Italian POWs worked on RIA during World War II

By Mark StruveApril 14, 2022

Italian POWs at RIA
1 / 4 Show Caption + Hide Caption – This clipping from a local newspaper shows Italian POWs soon after they disembarked from a train and arrived at Rock Island Arsenal, Illinois, in 1944. (Photo courtesy of ASC History Office) (Photo Credit: Courtesy) VIEW ORIGINAL
Italian POWs at RIA
2 / 4 Show Caption + Hide Caption – An Italian POW operates a saw in the lumber reclamation yard at Rock Island Arsenal during World War II. One report noted that the salvage of lumber by the Italians saved more than $14,000 worth of taxpayer money. (Photo courtesy of ASC History Office) (Photo Credit: Paul Levesque) VIEW ORIGINAL
Italian POWs at RIA
3 / 4 Show Caption + Hide Caption – An Italian POW is trained in procedures for securing and towing a tank at Rock Island Arsenal during World War II. The Italians performed manual labor like this on the arsenal during the war, which helped compensate for a shortage of workers available to do these jobs. (Photo courtesy of ASC History Office) (Photo Credit: Paul Levesque) VIEW ORIGINAL
Italian POWs at RIA
4 / 4 Show Caption + Hide Caption – Italian POWs working on Rock Island Arsenal during World War II were able to spend their leisure time on diversions such as playing pool, and were also allowed off the installation under escort on Sundays to attend Mass. Some local organizations objected to the liberties afforded the POWs, though local opinion about them was largely positive due to their overall exemplary behavior. (Photo courtesy of ASC History Office) (Photo Credit: Courtesy) VIEW ORIGINAL

ROCK ISLAND ARSENAL, Ill. – Many people at Rock Island Arsenal are familiar with the Confederate Prison Barracks that existed here during the Civil War. But far fewer know about the role of Italian prisoners of war who lived and worked on RIA during World War II.

By June 1943, over 14,500 Italian POWs resided in camps throughout the United States. When Italy agreed to join the Allied Powers in October 1943, the U.S. developed a program that would allow captured Italians to assist with the American war effort. Under this program, Italian POWs would perform a variety of manual labor jobs in order to help ease labor shortages.

On July 16, 1944, the 38th and 40th Italian Quartermaster Services Companies arrived at Rock Island Arsenal by train from Pine Camp, New York. Their mission was to assist with the many labor-related projects on the installation.

The Italians were permitted to volunteer for non-combat duty in special service units of the U.S. Army. Each volunteer signed a pledge to perform any assigned duty except combat on behalf of the U.S. against the common enemy, Nazi Germany. These former POWs were often referred to as “signees,” having signed the pledge, though they were still detained in the custody of the U.S. military.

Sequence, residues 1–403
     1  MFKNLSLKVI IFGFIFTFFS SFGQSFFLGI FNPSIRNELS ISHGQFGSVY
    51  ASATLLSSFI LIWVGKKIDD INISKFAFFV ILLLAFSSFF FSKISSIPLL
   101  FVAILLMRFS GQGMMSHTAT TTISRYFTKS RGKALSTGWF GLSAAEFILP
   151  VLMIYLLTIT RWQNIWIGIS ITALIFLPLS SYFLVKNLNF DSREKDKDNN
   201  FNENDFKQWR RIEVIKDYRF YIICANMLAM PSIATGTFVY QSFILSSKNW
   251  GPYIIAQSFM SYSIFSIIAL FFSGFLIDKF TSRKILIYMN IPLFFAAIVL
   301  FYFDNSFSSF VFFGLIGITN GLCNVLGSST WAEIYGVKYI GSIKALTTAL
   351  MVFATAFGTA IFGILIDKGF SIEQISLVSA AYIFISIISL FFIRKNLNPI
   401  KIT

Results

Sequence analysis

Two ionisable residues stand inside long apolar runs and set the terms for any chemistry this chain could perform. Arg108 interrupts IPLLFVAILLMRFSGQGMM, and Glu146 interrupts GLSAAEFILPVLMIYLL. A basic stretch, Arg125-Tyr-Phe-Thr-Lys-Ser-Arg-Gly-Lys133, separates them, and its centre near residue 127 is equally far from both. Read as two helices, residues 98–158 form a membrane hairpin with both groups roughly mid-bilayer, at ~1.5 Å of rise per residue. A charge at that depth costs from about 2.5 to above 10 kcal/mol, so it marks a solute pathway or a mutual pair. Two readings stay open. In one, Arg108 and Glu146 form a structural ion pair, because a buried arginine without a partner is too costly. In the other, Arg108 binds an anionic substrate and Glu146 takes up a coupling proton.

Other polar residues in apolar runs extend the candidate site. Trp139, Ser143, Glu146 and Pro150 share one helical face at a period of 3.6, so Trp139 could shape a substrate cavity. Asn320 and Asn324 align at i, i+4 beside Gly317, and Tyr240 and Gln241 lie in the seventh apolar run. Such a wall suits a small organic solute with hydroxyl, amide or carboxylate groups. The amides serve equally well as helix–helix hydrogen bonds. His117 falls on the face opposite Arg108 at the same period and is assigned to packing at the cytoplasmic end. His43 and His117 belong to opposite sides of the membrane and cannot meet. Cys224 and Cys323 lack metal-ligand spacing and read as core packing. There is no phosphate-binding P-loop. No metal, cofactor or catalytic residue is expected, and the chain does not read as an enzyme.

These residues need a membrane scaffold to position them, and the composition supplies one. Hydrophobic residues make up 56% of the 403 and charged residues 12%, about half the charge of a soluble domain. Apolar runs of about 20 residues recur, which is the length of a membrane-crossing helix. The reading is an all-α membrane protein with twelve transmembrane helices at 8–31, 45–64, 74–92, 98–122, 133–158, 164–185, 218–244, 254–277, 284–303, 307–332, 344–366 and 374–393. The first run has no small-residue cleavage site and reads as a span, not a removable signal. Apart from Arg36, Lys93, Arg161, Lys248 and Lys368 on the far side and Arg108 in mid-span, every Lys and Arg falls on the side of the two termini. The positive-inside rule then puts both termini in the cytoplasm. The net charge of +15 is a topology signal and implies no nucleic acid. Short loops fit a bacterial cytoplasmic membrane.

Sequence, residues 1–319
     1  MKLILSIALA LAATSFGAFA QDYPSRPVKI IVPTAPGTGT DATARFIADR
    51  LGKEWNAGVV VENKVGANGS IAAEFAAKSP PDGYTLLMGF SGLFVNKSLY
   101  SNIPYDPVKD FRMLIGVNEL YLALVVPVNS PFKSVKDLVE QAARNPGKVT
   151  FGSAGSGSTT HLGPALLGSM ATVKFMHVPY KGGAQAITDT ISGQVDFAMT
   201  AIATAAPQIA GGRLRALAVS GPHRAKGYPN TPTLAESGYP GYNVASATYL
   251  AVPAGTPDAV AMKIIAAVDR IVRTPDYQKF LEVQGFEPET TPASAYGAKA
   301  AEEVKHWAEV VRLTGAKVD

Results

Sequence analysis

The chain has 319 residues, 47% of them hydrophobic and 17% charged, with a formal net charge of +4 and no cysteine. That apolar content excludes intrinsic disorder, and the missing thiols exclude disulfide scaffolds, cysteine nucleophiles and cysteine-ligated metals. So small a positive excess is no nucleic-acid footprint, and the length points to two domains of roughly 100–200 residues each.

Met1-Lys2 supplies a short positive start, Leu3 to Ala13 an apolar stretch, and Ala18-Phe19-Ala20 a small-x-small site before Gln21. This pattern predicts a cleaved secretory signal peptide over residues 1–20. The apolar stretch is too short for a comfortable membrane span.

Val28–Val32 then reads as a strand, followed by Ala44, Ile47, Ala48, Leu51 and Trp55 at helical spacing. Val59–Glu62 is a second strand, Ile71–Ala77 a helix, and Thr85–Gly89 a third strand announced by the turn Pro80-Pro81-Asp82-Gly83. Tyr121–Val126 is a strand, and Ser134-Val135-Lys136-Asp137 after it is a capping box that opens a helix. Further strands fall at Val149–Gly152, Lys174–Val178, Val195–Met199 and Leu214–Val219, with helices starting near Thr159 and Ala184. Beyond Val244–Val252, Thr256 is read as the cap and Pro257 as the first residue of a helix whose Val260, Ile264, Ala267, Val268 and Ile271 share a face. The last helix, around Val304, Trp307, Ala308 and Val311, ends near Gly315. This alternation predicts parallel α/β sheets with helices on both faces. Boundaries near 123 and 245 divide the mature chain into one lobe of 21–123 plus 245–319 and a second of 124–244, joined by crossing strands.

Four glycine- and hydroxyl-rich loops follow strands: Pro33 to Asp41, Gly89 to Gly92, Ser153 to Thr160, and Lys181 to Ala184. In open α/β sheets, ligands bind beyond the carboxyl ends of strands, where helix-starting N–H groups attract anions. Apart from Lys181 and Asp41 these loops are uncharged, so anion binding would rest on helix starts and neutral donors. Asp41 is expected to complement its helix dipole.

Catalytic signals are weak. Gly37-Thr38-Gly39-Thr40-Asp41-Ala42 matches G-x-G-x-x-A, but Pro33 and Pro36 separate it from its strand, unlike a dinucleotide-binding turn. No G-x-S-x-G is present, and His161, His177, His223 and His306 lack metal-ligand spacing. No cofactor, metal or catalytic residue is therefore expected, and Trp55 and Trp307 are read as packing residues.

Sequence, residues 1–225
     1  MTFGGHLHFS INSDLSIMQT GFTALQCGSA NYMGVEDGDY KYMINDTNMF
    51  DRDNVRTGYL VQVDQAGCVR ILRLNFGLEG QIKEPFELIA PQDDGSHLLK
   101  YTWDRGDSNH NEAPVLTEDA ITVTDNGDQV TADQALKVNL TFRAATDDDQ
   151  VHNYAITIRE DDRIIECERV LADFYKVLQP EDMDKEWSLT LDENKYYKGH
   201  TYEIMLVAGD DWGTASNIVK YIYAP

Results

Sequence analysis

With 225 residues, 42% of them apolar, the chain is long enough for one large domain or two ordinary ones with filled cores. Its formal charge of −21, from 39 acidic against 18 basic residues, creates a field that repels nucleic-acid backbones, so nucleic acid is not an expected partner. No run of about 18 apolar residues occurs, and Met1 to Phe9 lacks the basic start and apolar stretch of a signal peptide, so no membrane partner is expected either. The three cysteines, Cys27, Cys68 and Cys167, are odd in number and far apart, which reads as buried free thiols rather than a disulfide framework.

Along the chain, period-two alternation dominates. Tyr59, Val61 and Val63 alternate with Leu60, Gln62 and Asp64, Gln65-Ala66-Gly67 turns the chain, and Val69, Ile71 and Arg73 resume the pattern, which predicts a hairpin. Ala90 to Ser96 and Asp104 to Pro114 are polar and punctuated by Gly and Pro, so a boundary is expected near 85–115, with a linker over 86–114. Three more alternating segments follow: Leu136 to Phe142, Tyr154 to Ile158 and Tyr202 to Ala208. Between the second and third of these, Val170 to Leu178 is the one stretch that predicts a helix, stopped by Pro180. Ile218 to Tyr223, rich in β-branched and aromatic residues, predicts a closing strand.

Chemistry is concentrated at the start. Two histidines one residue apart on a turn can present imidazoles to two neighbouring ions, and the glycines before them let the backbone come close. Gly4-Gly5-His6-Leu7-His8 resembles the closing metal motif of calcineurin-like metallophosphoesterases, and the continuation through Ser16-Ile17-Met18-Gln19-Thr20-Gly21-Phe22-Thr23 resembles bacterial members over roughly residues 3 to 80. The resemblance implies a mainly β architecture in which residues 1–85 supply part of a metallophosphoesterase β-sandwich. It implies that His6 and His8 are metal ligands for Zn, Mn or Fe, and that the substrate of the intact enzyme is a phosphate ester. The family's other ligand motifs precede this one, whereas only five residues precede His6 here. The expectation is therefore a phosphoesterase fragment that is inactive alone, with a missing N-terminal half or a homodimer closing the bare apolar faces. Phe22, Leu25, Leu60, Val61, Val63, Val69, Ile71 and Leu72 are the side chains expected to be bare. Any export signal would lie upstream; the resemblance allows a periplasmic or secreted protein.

Upon their arrival, the Italian Service Units were assigned to the stone barracks, Building 90, and two other quarters. After they worked on the arsenal for a few months, and after demonstrating good behavior, Col. Norman Ramsey, commander of the arsenal, relaxed some of the limitations placed on the Italian Quartermaster Service Companies.

In September 1944, Ramsey established a limited pass policy for Italian signees. The Italians had to stay in groups of five and remain under the escort of an American Soldier while off the installation. Two groups of five each were granted passes each Sunday to visit local communities and attend Mass at Roman Catholic churches.

Throughout their stay on Rock Island Arsenal, the Italians assisted with a wide variety of projects. They packed and shipped tank and motorized gun carriage parts; crated tank motors; salvaged mechanized parts; painted vehicles; and loaded and unloaded the large volume of freight railcars that came onto the arsenal daily.

A report from Col. C.A. Waldmann, commandant of the RIA Ordnance Center on the arsenal, noted that 25 of the Italian workers at the center accounted for over 30,000 hours of labor and saved more than $14,000 of taxpayer money in the salvage of used lumber. Many other officers and leaders at RIA also noted the important contributions of the Italian Quartermaster Service Companies.

Of the 426 Italian signees assigned to Rock Island Arsenal, only 15 were returned to prisoner of war status for disciplinary reasons. Still, several local veterans organizations protested against the Italians being assigned to the arsenal. They expressed concern for the safety of the community and what they saw as the excessive liberties permitted to the Italians.

This opinion would persist throughout the duration of the Italians’ stay at RIA; however, with few negative incidents involving the workers, public opinion in the area remained largely positive.

On Sept. 22, 1945, the Italian signees departed Rock Island on a special troop train to begin their journey back to Italy, ending another unique period of history at Rock Island Arsenal.

Mark Struve is assistant historian at the U.S. Army Sustainment Command at Rock Island Arsenal, Illinois.